A new country. Different people. Cultural difference. Demanding course structures. And the pain of losing my mother.

The past fifteen years passed on as quickly as a whirlwind without a thought of my father. I have studied, travelled, met interesting people, travelled a little more, fell in love, got my heart broken, got on with my life, and made decent amount of money. My house is a mantel of memories that brought me an immense amount of joy yet there was something that gave me restless nights.

Was it the forgotten bond with my father? Or the home that I left behind more than a decade ago? Was it the responsibility that I left behind selfishly? I never figured it out all these years, but may be, it was the guilt of leaving my father - a punishment that was too severe.

I have maintained no forms of communication with him, and I wondered how he led the final stages of his life. Surely, the surly old man would have reformed! He would have repented for all the mistakes he has done. I will learn everything about the last fifteen years tomorrow. I will make up for all the time. I said it to myself, more or less out of guilt.

But as I lean back trying to get some sleep, I knew there will always be a part of me that will hate my father. 

Friday, June 06, 2014

And, It Was A Happy Birthday!

Posted by Sunaina Patnaik at Friday, June 06, 2014 6 comments Links to this post


“The cake had a trick candle that wouldn't go out, so I didn't get my wish. Which was just that it would always be like this, that my life could be a party just for me.” 

― Janet Fitch

I turned 23 this Wednesday and I had one of the best birthdays ever. 

But let me warn you, it is not an extremely great feeling, you know? Just a while ago, I was a teenager listening to heavy rock music, and I blink my eyes and whoa, I am 23 now. Just for the record, I do not enjoy heavy rock music any longer.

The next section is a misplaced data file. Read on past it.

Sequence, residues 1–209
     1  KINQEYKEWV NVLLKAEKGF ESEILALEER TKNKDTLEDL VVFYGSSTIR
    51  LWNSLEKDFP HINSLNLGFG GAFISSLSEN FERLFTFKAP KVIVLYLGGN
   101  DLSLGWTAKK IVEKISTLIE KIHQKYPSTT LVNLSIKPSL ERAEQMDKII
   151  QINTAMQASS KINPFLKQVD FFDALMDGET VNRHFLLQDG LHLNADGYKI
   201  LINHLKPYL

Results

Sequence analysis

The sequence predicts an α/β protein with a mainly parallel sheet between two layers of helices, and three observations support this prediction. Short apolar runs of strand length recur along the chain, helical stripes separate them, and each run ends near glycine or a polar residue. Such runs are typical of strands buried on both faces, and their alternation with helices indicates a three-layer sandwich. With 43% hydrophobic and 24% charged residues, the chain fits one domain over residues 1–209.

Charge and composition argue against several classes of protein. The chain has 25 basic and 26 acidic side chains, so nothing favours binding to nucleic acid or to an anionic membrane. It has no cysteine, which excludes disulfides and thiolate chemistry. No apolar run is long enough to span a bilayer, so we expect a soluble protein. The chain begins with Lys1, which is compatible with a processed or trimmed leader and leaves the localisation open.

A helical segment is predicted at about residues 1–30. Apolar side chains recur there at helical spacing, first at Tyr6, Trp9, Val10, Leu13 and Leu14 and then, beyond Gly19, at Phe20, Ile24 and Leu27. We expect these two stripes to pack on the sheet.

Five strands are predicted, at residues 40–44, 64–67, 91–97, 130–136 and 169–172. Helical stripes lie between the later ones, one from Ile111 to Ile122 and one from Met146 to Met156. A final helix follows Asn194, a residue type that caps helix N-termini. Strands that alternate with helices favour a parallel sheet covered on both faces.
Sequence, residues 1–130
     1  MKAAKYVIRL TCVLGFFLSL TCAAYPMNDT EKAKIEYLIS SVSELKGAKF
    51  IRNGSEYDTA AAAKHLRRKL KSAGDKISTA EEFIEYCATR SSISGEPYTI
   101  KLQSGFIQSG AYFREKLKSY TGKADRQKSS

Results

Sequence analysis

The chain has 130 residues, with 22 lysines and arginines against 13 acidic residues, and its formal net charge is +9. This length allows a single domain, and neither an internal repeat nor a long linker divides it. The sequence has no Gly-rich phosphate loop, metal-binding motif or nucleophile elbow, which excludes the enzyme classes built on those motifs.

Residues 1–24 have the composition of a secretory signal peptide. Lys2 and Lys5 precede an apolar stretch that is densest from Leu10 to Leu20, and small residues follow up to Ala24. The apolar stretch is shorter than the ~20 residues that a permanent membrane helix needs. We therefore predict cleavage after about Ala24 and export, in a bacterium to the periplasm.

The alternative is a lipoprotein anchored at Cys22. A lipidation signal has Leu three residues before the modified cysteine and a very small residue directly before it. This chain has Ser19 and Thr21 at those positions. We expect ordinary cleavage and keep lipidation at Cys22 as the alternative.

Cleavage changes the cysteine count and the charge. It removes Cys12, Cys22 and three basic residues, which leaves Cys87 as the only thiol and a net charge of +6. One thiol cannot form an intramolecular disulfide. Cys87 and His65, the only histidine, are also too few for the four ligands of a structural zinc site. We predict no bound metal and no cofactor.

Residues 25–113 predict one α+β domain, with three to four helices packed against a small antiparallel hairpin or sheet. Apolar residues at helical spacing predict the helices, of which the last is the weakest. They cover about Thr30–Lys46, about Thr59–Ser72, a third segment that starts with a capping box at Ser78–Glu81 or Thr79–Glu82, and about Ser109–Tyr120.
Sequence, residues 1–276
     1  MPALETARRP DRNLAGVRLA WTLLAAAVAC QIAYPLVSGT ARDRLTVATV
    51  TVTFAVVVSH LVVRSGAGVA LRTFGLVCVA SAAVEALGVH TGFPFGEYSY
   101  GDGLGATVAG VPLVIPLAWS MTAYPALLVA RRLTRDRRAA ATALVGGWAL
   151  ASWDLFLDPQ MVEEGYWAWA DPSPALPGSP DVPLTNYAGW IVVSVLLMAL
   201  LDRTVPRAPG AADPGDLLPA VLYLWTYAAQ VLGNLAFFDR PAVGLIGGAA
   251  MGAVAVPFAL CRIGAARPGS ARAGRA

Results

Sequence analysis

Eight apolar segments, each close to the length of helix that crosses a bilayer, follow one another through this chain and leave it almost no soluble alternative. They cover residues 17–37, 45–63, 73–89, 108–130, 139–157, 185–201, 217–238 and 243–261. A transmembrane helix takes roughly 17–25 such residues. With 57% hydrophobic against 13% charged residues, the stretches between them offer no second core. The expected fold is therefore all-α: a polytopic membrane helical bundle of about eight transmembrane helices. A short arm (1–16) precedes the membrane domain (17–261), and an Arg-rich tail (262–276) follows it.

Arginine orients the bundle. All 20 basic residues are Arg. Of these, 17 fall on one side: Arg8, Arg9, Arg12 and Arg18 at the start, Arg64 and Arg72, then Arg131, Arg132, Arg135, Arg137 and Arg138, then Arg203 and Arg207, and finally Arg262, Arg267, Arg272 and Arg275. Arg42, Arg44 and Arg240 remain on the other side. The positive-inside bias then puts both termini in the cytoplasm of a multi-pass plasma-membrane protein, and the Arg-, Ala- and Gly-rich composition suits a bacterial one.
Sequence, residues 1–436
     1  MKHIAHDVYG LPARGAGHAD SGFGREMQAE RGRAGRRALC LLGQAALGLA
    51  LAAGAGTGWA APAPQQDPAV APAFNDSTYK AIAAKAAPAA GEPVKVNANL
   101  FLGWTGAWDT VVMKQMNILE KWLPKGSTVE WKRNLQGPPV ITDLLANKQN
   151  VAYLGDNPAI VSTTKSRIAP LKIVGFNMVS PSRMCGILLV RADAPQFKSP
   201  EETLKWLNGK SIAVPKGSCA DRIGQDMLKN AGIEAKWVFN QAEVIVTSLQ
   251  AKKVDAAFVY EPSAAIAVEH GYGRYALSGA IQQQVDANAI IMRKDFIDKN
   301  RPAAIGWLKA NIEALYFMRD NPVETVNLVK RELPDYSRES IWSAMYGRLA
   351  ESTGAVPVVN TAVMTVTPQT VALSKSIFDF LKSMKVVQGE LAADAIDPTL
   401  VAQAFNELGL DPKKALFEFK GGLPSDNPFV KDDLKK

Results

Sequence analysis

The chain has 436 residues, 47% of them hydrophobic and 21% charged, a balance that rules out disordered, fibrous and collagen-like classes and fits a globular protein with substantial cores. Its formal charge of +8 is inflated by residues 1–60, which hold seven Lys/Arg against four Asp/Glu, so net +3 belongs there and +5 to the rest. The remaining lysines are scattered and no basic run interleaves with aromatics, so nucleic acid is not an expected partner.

It is a little scary to know that you are growing older and all that. I know some of you won't agree with me, some will, and those big 3 0s would literally roll their eyes at me and say, look at us and talk, kid. But yes, whatever. I am growing old.

While I am enjoying the afterglow of my birthday and stuffing myself with more cake, I wonder if there is any difference in me when I turned 22 and now. I wonder if I have done something worthwhile in the past one year. I wonder if I learned something - useful or not. Have I gained any experiences?

The answer to all - yes, I have. And I know for a fact that I will keep getting better. Also, I am sure I will get even better by the time I turn 24. 

As I look into the past one year, I think of all the things I have done. I met new people, I made new friends. I have visited a lot of new places, watched good movies, read some wonderful books, ate a lot of delicious food, got rid of some toxic people and reunited with some good old friends, experienced euphoria, bitter sadness, experienced vulnerability and strength, I have written a lot of things, and earned the much coveted freedom from corporate slavery. Touchwood!

I made memories. 

And, I know for a reason that with every passing birthday, we will always have a handful of things that we have done and will remain with you. I am glad I too have them.

Thanks to everyone who were a part of my life, and are a part of my life. You all have given me many stories and I will keep building many more.

Thank you Anirudh, Asisha, Sugumar, Supadha, Haritha, Harish, Kiriti, Amrutha, Anwesha, Suguna! You guys have seen the worst in me and let us just hope you won't see anything more horrible. The worst case scenario factor has reached a saturation point, right? And let me not forget, you guys are all part of the big, major memories I have made. 

Here's to growing old, feeling utterly weird about your age and all that, getting busier with your lives, partners, losing touch with the moronic side of the youth and oh, the carelessness. This too shall pass!

IT WAS ONE HELL OF A BIRTHDAY, PEOPLE!